Soup kitchen struggles to provide for Milanese poor

di Rachel Sanderson, del 13 Gennaio 2015

Francesco Delzio

Opzione zero

il virus che tiene in ostaggio l'Italia

Da Financial Times del 12 gennaio

A little girl, no more than two years old, sits in her pink pushchair at the front of the queue at Pane Quotidiano, a volunteer soup kitchen in Milan, where Italy’s decade-old economic decline is seen in sharp relief. At eight o’clock on a cold winter morning, the girl, without gloves or hat, her nose red with cold, holds out a plastic bag for volunteers to drop in oranges, yoghurt, bread, cheese and dry biscuits. Close behind the child and her young mother stands a headscarfed woman. She asks if she can have extra milk as she is six months pregnant. But the answer is no as there is not enough milk to go round so they only give it to children. Thousands of people gather every day on the outskirts of Milan, one of Italy’s wealthiest cities in one of Europe’s richest regions, to queue for free food. “The hardest part is saying no,” says Jean Pierre Bichard, 51, a Frenchman who is one of Pane Quotidiano’s 100 volunteers. “But we have limited supplies and many, many more people coming to queue for them in the past year.” The dozen or more children and families in the queue is a new phenomenon, he says. Queues have doubled in size in the past year, says Luigi Rossi, chief executive of Pane Quotidiano, as Italy’s decline accelerated following the eurozone crisis. Some days there can be as many as 4,000 people there. “We used to have 70 per cent of those queueing were immigrants, today it is 50 per cent Italians,” he says.
While the south has long suffered from joblessness and is heavily reliant on state support, Italy’s industrial north has been hard hit by the eurozone crisis and many thousands of businesses have failed. The Italian state has traditionally relied on the Catholic church and the extended family to help people in need. Francesco Galietti, a political risk analyst at Policy Sonar in Rome, says intra-family solidarity has provided a lifeline to hundreds of thousands of workers, “but even these safety nets are wearing thin as the cash withers away”. About 6.2m people in Italy live in absolute poverty, about 10 per cent of the Italian population, a figure that has almost doubled in the past two years, according to the country’s national statistics agency Istat. About 4m people are considered to suffer from hunger, of which 10 per cent of these are children under five and 14 per cent are older than 65.
Real incomes are now lower than 15 years ago. Economists say Italy may well pull out of its triple-dip recession in 2015 but even the most positive forecasts estimate shallow growth. In real terms, Italy’s economy has shrunk over the past 10 years. According to data released last week Italy’s joblessness rate has hit an all-time high of 13.4 per cent. More startling perhaps as an indication of the national mood, is a survey released last month by Censis, an Italian think-tank, in which 60 per cent of those interviewed feared ending up in poverty as the economy withered.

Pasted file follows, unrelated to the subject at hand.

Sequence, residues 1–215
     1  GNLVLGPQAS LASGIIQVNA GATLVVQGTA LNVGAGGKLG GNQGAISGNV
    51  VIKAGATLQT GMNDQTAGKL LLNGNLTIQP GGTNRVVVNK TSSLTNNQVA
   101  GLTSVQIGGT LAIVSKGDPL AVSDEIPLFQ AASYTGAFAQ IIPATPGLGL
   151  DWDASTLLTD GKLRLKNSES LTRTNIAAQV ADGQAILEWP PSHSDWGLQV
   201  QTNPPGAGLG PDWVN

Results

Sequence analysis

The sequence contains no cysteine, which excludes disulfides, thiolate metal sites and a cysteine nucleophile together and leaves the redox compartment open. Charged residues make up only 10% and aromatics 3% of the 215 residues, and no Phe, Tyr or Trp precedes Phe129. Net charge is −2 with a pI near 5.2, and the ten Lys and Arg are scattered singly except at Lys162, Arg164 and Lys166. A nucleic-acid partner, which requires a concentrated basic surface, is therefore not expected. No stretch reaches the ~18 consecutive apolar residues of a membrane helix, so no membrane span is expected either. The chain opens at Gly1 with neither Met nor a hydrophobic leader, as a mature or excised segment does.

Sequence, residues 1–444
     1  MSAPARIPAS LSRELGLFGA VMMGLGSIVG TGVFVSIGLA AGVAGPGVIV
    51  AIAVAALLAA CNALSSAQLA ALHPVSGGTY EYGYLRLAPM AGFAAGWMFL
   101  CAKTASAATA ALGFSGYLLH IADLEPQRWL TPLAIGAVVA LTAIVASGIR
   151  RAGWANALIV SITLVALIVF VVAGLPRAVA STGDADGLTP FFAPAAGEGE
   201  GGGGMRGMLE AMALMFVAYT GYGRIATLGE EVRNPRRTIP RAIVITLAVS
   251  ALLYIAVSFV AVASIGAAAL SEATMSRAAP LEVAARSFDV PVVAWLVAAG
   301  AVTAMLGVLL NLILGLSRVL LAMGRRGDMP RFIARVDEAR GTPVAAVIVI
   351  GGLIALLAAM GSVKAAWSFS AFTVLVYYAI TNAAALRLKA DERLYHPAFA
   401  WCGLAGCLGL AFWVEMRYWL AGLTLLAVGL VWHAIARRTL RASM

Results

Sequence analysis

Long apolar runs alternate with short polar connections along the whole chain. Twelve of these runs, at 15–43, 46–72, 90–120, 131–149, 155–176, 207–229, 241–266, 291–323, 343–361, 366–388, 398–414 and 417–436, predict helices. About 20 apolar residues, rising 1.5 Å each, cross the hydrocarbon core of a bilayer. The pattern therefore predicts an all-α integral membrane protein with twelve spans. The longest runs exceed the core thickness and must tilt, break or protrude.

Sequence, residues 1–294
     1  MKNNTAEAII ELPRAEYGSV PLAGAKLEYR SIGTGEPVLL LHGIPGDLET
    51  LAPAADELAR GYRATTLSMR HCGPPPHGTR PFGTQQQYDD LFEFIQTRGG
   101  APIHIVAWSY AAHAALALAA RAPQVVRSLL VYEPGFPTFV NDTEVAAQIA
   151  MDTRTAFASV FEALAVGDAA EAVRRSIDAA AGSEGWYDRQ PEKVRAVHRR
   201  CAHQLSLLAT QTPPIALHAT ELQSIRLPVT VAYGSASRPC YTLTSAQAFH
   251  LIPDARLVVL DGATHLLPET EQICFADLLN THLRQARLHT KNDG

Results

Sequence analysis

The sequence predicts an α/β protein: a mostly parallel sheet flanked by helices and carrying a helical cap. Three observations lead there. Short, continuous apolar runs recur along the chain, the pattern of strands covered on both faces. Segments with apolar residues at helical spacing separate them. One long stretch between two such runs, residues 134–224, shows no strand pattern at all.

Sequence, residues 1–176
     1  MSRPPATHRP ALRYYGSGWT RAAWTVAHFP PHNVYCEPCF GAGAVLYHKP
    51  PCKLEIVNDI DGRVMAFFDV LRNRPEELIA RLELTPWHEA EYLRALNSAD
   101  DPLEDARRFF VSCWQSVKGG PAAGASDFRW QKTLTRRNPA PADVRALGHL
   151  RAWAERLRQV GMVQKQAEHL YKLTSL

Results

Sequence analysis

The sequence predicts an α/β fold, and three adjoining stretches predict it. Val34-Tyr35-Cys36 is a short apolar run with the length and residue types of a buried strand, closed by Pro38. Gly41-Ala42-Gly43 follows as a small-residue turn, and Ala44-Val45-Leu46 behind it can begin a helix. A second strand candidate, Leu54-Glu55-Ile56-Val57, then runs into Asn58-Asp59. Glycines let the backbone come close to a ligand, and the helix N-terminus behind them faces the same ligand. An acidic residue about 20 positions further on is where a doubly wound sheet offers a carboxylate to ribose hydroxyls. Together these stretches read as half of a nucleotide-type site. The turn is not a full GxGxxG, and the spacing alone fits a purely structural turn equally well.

Organisers at Pane Quotidiano suggest its popularity is partly because the newly poor can come here without fear of their neighbours or family finding out. Anonymity underpins the charity, whose slogan is that no one will ask your name, opinion or why you are in need. Those in need duck through a narrow hole in a highway layby to reach the unheated shed where they get their handouts.
The struggle to cope with diminished circumstances is increasingly reflected in Italian popular culture. On state broadcaster Rai one of the most popular new daytime television shows is A Conti Fatti, a morning broadcast aimed at housewives. Elisa Isoardi, the glamorous presenter, shows viewers how to use the cheapest cuts of meat to make traditional dishes. She says: “The period we are living in is difficult. We are a public service programme and our job here is not to speak of crisis in a negative way but to show people how they can adapt.”
As people struggle, support for extremists and anti-establishment parties is rising. Matteo Salvini, the leader of the anti-euro, anti-immigration Northern League, which has its headquarters in Milan, is now the second most popular politician in Italy.
There are fears of growing unrest, but more than rage, it is resignation that is dangerous, says Francesco Delzio, author of the newly published Opzione Zero, a book about the crisis and its impact on young people. Five million Italians under 35 are not studying and are not in work.
“We are navigating in the dark, we are all waiting for a recovery that never comes. This is a profound problem that has immobilised Italy, it is a virus that the whole country has caught. Italians cannot shake a feeling that they are alone and there are zero options to improve their situation,” he says.
At Pane Quotidiano, Mr Bichard points to a girl who he says “must be seven years old now”. She has been queueing for daily rations with her mother since she was a newborn. “These children who live through this, who grow up seeing their parents are unable to feed them, what we see is that it is very difficult for them to get out of the situation themselves,” he says.

di Rachel Sanderson

clicca qui per acquistare il volume con il 15% di sconto

Altre Rassegne